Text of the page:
Tripped up by science
In Collin County, administrators in Frisco, Allen, McKinney and Plano blamed science for their weaker performances, even though the state set lower standards for the science and math tests than for other subjects.
“We do not want to appear to be making excuses,” said Debra Nelson, assistant superintendent for curriculum and instruction in Frisco, which dropped to acceptable because of low science scores. “However, I can’t help but believe this is a flawed system if missing one standard of 36 makes you acceptable.”
Middle and high schools were mostly likely to get snagged by the new system’s rules. Unlike the TAAS test, TAKS produces substantially higher failure rates for older children.
As a result, 11.4 percent of elementary schools statewide earned exemplary ratings. But only 1.3 percent of middle schools and 0.9 percent of high schools are exemplary.
The news was better in poorer-performing schools. In 2002, 166 schools were tagged with the state’s lowest label, low performing. This year, only 102 schools were labeled academically unacceptable, the state’s new name for low performing. In North Texas, schools in Dallas, Fort Worth, Garland and Grand Prairie got the label.
But those numbers would have been substantially higher if not for two new mechanisms to protect poor-performing schools from a low rating.
The first is called “required improvement.” It excuses poor scores if TEA determines that a school is making enough progress to meet current standards within two years.
For example, Wilmer-Hutchins High School scored poorly in math, with only 30 percent of students passing the TAKS. Normally, that would be low enough to be unacceptable.
But the school had done even worse in 2002: an 18 percent passing rate. The increase from 18 percent to 30 percent meant Wilmer-Hutchins High was pushed into acceptable territory despite its low scores.
Statewide, 50 schools that would have been unacceptable became acceptable through the required improvement provision.
The other “get out of jail free” card available to schools is called an exception. Under the old system, a low passing rate in just one student subgroup on one test was enough to earn a low rating. For instance, a school with a very low passing rate among Hispanic students on the math TAAS was automatically considered low performing – even if the school fared well in every other subgroup and every other subject.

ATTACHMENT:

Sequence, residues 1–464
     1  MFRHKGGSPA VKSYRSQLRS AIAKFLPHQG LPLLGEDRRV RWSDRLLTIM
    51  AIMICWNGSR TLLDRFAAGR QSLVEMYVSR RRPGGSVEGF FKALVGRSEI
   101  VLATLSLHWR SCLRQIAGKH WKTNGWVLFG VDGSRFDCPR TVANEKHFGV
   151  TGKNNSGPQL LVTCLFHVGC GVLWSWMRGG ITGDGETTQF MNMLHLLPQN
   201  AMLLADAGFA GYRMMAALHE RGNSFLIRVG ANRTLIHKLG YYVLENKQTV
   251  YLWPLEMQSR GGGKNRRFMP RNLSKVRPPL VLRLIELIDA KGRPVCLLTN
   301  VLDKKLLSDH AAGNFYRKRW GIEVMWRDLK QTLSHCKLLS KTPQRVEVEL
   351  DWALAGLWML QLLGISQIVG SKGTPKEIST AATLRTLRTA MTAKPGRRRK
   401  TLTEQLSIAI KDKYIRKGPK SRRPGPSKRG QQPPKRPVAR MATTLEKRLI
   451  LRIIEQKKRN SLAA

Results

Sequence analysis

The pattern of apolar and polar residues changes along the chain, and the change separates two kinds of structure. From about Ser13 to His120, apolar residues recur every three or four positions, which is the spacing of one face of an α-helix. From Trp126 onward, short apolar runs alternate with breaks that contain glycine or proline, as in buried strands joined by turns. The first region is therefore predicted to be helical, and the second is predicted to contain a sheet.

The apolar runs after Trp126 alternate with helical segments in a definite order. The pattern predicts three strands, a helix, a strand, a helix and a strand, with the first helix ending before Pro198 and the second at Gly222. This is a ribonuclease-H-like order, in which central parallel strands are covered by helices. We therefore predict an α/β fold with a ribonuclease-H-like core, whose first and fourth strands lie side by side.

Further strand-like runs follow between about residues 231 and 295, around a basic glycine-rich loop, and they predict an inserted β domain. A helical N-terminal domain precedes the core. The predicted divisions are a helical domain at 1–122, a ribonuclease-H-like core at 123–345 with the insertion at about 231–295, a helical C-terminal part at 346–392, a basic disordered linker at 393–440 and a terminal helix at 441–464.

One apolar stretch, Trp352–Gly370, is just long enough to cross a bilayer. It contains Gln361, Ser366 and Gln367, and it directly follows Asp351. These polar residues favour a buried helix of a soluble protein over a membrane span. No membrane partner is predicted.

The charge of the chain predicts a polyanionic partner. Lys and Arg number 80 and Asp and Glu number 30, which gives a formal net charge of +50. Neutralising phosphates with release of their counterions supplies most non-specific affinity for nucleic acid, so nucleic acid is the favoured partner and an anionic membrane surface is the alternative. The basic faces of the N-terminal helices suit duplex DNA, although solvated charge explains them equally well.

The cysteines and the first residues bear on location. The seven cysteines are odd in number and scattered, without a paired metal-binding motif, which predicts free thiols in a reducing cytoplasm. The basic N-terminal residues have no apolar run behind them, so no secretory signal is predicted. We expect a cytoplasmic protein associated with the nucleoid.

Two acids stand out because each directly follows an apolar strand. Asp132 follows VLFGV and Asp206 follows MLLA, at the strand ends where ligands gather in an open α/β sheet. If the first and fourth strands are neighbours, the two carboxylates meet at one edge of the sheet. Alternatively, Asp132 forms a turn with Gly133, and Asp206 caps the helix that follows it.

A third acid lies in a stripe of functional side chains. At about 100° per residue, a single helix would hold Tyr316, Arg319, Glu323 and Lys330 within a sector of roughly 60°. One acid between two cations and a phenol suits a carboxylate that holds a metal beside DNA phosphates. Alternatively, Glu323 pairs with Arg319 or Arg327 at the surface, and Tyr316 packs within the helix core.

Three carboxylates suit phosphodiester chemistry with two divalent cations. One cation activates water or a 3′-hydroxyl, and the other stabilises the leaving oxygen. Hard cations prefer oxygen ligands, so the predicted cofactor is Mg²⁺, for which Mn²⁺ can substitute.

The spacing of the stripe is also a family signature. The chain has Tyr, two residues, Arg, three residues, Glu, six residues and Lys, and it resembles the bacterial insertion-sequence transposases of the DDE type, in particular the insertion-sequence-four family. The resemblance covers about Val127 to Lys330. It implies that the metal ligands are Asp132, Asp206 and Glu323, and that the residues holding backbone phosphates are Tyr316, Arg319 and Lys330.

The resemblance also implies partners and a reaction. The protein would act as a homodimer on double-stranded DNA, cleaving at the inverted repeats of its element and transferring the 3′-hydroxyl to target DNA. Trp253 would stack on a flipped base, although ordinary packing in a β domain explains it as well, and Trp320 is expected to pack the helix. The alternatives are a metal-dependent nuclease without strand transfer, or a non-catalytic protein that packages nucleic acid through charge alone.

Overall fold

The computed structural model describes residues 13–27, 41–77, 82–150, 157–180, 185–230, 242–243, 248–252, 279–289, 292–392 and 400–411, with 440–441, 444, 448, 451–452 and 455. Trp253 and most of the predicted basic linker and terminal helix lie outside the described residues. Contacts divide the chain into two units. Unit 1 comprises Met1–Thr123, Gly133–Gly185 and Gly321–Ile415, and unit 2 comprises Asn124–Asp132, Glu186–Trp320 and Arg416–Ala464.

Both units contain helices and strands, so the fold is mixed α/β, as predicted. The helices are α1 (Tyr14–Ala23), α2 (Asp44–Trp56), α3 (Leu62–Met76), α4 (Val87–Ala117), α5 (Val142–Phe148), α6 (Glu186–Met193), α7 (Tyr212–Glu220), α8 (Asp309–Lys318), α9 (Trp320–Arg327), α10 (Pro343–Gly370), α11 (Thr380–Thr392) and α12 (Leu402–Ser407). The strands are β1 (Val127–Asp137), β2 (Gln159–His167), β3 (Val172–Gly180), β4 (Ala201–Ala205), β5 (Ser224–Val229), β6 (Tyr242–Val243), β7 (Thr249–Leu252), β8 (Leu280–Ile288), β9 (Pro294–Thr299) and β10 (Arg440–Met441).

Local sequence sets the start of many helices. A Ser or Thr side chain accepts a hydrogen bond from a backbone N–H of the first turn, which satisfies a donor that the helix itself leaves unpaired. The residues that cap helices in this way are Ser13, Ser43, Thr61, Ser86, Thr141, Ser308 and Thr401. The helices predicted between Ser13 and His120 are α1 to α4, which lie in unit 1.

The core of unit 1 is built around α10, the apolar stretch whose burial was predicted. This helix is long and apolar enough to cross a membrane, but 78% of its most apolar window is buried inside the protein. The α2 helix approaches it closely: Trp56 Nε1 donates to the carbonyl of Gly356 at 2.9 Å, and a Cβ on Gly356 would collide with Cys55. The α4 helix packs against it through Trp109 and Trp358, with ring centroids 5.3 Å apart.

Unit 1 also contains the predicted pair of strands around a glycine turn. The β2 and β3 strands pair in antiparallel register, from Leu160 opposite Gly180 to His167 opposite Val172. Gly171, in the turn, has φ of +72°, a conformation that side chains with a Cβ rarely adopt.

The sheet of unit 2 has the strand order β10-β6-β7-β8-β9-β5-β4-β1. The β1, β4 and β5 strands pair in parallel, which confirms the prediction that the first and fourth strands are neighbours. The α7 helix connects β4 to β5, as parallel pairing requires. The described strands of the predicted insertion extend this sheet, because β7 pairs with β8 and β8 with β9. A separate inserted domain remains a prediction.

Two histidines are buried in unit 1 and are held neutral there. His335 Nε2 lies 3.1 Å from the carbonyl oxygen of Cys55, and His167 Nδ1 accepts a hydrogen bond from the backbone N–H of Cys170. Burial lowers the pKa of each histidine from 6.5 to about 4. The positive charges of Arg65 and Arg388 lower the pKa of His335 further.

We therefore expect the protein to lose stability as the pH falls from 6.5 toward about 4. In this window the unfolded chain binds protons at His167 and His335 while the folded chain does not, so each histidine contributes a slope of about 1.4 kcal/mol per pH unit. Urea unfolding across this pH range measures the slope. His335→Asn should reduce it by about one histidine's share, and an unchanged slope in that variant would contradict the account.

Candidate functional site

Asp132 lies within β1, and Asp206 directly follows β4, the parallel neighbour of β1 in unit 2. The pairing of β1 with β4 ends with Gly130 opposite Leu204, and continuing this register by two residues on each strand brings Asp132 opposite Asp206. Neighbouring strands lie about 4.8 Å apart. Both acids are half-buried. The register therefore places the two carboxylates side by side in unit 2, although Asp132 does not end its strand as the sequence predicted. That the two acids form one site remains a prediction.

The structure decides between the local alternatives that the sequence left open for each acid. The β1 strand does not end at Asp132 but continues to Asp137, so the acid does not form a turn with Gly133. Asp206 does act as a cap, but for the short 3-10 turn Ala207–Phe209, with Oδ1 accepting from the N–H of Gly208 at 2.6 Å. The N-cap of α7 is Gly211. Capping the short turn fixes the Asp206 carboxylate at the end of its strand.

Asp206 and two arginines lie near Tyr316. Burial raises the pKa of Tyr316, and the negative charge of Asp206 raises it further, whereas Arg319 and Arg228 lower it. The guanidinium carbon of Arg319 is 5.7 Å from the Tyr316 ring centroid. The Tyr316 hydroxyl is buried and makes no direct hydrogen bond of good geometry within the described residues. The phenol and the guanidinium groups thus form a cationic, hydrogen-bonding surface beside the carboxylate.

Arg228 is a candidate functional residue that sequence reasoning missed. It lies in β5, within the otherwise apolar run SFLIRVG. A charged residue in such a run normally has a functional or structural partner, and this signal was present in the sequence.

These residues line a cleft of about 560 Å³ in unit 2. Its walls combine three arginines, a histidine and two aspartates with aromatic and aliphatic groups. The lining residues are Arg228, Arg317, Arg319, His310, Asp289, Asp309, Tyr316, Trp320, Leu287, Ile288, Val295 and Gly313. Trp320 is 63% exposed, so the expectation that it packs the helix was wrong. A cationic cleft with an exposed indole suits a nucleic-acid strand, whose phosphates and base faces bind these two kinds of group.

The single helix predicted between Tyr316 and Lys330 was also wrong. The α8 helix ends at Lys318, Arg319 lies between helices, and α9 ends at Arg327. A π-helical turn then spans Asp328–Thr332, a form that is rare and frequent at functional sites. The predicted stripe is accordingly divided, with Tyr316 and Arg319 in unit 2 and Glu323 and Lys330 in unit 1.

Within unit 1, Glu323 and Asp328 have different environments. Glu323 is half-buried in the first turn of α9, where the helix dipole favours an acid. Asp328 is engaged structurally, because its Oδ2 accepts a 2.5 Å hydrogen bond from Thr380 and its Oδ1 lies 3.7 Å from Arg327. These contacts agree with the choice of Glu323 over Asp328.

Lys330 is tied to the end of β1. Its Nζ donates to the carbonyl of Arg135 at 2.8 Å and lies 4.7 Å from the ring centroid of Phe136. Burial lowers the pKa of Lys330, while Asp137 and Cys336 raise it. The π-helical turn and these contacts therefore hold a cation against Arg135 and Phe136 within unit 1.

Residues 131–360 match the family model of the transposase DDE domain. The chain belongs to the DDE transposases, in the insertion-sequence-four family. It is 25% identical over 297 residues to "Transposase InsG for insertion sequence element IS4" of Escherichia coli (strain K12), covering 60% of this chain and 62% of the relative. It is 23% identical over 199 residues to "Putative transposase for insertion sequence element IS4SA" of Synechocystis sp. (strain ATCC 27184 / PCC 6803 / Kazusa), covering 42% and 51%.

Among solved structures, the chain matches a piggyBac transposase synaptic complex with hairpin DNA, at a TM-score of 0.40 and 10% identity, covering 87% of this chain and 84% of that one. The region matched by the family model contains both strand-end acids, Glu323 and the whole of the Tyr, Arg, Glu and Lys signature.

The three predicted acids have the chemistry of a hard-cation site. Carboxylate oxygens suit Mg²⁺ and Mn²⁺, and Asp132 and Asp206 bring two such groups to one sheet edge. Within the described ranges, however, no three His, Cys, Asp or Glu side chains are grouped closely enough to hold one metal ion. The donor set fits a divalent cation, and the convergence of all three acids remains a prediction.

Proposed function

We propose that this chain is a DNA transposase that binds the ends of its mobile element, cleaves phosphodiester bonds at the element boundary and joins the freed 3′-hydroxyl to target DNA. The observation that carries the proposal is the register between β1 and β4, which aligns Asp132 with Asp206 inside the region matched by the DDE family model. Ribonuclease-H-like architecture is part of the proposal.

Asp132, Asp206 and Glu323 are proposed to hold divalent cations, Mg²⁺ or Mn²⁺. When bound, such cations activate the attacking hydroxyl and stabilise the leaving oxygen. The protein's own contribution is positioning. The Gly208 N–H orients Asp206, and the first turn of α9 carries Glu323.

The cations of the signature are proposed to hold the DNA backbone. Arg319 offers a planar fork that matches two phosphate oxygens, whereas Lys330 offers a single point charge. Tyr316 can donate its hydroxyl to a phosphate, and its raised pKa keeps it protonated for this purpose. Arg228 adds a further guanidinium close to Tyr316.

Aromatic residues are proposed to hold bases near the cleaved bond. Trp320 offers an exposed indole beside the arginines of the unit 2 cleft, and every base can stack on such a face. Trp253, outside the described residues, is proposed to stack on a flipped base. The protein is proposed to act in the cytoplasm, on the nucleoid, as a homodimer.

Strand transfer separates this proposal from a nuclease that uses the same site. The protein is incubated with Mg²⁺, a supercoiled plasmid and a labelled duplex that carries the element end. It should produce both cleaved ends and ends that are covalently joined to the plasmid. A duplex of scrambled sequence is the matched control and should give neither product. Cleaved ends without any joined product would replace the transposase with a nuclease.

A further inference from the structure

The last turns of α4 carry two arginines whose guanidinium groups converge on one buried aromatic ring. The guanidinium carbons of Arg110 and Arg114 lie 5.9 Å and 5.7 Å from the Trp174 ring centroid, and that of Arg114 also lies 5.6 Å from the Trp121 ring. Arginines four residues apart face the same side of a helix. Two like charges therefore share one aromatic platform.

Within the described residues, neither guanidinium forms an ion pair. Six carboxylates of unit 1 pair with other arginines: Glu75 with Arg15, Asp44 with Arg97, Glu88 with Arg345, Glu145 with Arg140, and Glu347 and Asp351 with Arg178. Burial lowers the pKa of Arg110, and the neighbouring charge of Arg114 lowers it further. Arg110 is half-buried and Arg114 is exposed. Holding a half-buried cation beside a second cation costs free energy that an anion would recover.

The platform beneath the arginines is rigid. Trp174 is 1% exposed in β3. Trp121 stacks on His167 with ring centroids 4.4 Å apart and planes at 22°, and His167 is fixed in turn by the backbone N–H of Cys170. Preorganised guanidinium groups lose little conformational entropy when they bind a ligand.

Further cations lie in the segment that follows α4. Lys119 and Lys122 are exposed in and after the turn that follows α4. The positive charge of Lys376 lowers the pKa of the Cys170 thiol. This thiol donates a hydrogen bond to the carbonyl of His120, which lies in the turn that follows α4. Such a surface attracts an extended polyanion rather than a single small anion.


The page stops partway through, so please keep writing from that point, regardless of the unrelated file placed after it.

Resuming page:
But the new ratings system allows for exceptions under certain conditions. That means a low-scoring school can be excused from a few low passing rates and still be considered acceptable under certain conditions.
Statewide, 61 schools were rated acceptable even though they all scored poorly enough to be declared unacceptable. Of those, six are in Dallas. Fort Worth, Mesquite, Wilmer-Hutchins and Royse City each had one school make the “acceptable” cut as exceptions to the rule.
Nearly half of the state’s 274 independent charter schools avoided performance ratings. That’s because they were allowed to be evaluated under an alternative system that is still being developed. Two years ago, 89 of 230 charter schools were low-performing.
Parents can be excused for being confused about the new ratings. TEA released them one day after announcing that 199 Texas schools were considered poor performers under federal adequate yearly progress rules – a separate ratings system from the state system.
AYP and the state system share some characteristics, like being primarily based on test scores. But they differ in other ways, such as which students’ scores are counted and in what subjects. It’s possible for a school to fare well in AYP but not in the state system – or vice versa.
“It’s confusing,” said Suzanne Marchman, a TEA spokeswoman. “We feel like the state system is a very good gauge of schools. But that’s not to say AYP isn’t good, too.”
Staff writers Valerie Fields Hill, Kristen Holland, Mike Jackson and Russell Rian contributed to this report.